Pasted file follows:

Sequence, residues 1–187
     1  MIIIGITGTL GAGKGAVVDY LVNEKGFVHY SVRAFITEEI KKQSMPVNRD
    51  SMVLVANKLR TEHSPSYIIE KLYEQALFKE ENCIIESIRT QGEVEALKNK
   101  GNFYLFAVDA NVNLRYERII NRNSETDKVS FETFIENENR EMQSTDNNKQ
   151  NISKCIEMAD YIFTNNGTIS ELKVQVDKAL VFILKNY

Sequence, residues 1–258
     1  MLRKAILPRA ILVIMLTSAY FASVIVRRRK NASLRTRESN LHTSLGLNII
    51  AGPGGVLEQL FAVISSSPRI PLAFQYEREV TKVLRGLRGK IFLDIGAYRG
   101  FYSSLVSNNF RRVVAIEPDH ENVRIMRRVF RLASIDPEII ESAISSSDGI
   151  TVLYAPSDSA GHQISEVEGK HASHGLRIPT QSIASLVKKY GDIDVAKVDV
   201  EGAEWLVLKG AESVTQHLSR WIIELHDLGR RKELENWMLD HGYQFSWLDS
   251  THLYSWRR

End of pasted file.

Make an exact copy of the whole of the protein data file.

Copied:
Sequence, residues 1–187
     1  MIIIGITGTL GAGKGAVVDY LVNEKGFVHY SVRAFITEEI KKQSMPVNRD
    51  SMVLVANKLR TEHSPSYIIE KLYEQALFKE ENCIIESIRT QGEVEALKNK
   101  GNFYLFAVDA NVNLRYERII NRNSETDKVS FETFIENENR EMQSTDNNKQ
   151  NISKCIEMAD YIFTNNGTIS ELKVQVDKAL VFILKNY

Sequence, residues 1–258
     1  MLRKAILPRA ILVIMLTSAY FASVIVRRRK NASLRTRESN LHTSLGLNII
    51  AGPGGVLEQL FAVISSSPRI PLAFQYEREV TKVLRGLRGK IFLDIGAYRG
   101  FYSSLVSNNF RRVVAIEPDH ENVRIMRRVF RLASIDPEII ESAISSSDGI
   151  TVLYAPSDSA GHQISEVEGK HASHGLRIPT QSIASLVKKY GDIDVAKVDV
   201  EGAEWLVLKG AESVTQHLSR WIIELHDLGR RKELENWMLD HGYQFSWLDS
   251  THLYSWRR